Preventing Premature Exits
Whether you are a newbie or a seasoned trader, you aren’t immune to emotional impulses when trading cryptocurrencies – more so during a crash, correction, or bear market. Setting a stop-loss prevents you from making emotional decisions that may adversely affect your position. Without a stop-loss level, fear may control you to exit your trade prematurely. On the other hand, you may also overstay in a losing streak, hoping the market will reverse soon. A stop-loss will ensure you conform to your trading strategy.
For instance, assume you have Done Your Own Research (DYOR) and bought BTC, but you failed to place a stop-loss order. If the BTC price trend goes against your plan, you may still be convinced that your research is perfect and that the trend will follow your plan soon. As such, you may be tempted to remain open even if bitcoin doesn’t seem to reverse, which may significantly impact your portfolio.
Types of Stop-Losses
You can apply several types of stop-losses in different market conditions. They include Sell Stop-Loss, Stop-Limit, and Trailing Stop-Loss. Let’s discuss each of them in detail.
Sell Stop Order
A Sell Stop-Loss is also known as a Stop Market Order. You can use it to sell a coin at market price when it hits a certain price level (the stop price). The order is implemented when the level is attained, and the coin is sold at the next available market price, which could make a difference in the actual loss incurred than if your entire position was completely closed at the exact price as your stop market order.
A Stop-Limit Order resembles a sell stop order – they only differ in execution. Instead of selling the asset at the market price once the stop price is hit, a stop-limit order places a limit-sell. This implies that an order will be completed if the pre-set price limit order level is hit.
Most traders prefer sell stop orders to stop-limit orders because the latter requires the limit price to be met. During market crashes, limit sell orders mostly remain uncompleted, leaving investors holding unto positions in unpredictable downtrends. On the other hand, a sell stop order ensures the order is filled at the best available market price.
Trailing Stop Orders
A Trailing Stop Order is a modern type of stop-loss that places a fixed percentage below the market price and keeps correcting upwards. For instance, if you enter a BTC long trade at $200 with a trailing stop-loss of 10%, your stop level is at $180. If the price rises by 20% to $240, the stop-loss trails it and adjusts to $216.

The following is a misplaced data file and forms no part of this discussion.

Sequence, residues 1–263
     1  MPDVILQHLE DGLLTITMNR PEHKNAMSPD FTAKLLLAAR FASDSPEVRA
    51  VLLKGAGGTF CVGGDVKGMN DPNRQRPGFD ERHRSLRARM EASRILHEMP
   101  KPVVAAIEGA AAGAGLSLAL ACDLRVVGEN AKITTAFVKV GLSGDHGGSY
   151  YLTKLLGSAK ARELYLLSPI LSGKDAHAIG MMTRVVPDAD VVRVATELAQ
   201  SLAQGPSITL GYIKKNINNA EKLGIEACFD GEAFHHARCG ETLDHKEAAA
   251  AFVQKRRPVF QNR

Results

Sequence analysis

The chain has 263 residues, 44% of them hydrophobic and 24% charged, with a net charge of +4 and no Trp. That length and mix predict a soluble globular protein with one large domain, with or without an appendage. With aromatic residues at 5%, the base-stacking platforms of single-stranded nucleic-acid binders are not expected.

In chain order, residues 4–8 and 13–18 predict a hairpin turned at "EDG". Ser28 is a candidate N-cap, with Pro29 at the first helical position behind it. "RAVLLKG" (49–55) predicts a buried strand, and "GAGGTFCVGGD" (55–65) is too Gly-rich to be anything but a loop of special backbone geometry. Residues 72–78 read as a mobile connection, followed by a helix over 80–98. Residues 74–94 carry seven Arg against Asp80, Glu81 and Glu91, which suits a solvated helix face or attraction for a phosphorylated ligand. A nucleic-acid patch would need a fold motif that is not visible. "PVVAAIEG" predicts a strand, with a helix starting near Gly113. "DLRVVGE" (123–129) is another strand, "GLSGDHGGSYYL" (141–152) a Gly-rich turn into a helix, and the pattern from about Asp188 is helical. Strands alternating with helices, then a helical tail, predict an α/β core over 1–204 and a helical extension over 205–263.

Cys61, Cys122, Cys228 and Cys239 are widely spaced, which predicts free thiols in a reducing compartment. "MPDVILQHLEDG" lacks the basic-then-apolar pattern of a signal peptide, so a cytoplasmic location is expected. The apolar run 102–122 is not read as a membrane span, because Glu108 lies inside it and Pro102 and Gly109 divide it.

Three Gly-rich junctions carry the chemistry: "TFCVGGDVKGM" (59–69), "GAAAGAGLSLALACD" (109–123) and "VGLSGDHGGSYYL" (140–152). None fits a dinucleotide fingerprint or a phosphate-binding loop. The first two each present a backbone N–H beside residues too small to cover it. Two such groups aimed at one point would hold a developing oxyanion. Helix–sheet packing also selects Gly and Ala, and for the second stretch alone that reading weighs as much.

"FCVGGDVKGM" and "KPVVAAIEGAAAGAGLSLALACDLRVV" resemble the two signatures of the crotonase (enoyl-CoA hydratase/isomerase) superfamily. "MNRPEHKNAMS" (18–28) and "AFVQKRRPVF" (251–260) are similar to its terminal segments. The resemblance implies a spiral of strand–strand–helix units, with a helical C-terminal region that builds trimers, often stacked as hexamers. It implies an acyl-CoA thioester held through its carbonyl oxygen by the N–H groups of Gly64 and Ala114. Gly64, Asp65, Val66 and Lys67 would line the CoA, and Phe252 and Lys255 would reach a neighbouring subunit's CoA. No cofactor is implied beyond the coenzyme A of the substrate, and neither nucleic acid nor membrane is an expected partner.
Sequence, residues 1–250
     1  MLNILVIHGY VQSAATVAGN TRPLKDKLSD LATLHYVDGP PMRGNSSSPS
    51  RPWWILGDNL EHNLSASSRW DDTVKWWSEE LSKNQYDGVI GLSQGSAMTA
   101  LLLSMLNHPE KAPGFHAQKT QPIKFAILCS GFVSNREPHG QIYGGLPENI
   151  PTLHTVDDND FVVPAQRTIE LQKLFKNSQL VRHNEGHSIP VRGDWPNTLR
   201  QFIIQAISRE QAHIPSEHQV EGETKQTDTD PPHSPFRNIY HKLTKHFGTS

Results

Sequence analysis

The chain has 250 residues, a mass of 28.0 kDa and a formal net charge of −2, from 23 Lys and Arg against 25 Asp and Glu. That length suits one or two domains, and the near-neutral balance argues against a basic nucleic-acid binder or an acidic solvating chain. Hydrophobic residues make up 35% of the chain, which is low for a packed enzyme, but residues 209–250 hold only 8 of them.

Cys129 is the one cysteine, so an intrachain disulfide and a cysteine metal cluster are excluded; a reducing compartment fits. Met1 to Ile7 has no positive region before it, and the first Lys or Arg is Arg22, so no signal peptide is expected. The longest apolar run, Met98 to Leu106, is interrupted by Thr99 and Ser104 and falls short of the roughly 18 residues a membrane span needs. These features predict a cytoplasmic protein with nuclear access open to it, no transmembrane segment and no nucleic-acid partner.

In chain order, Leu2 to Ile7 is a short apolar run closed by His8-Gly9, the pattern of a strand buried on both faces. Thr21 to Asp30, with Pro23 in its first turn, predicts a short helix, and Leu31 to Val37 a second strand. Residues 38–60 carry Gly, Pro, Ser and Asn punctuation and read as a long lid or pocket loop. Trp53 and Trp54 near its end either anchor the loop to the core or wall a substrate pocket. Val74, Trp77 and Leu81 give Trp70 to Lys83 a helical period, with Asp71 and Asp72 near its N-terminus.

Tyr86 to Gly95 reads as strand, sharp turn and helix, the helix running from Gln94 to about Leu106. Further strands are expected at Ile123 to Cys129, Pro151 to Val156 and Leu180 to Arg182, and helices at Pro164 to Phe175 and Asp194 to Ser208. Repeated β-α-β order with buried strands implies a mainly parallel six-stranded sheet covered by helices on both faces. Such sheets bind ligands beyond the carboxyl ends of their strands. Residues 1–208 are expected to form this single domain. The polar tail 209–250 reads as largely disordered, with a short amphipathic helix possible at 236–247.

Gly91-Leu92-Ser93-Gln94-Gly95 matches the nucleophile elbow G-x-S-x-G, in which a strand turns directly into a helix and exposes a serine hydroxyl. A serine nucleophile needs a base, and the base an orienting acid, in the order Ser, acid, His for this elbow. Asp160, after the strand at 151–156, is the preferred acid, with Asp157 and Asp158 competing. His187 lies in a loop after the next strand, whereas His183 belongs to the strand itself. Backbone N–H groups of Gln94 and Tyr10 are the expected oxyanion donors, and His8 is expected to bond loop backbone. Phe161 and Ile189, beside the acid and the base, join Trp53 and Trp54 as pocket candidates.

If the asset price starts declining, the stop-loss will remain unchanged, and the position will be filled at a market price of $216. Trend traders often use trailing stop orders to keep their trades open for extended periods without changing their stop levels regularly.
What is a Take-Profit Order?
A take-profit is a standing order you place to exit a profitable trade once an asset price hits a specified price level. As the name suggests, a take-profit allows you to set a predetermined level to withdraw your gains, letting you take the profit by exiting the trade.
Suppose you long BTC at $17,000, anticipating its price to appreciate. Since you want to exploit the situation, you set a take-profit order at a point higher than your entry price, say $17,500. If the price of BTC reaches $17,500, the order will be filled and your profits will be locked in.
Likewise, you can short BTC at $17,500, anticipating the price to drop. Here, you analyze the market and estimate the bottom of where to enter the market. Assuming you enter the market at $17,500 and expect the price of BTC to drop to at least $17,000, you may set your take-profit orders at that specific level.. Your order will be triggered once the price reaches $17,000, and you will have benefited from the price plunge.
The Importance of a Take-Profit Order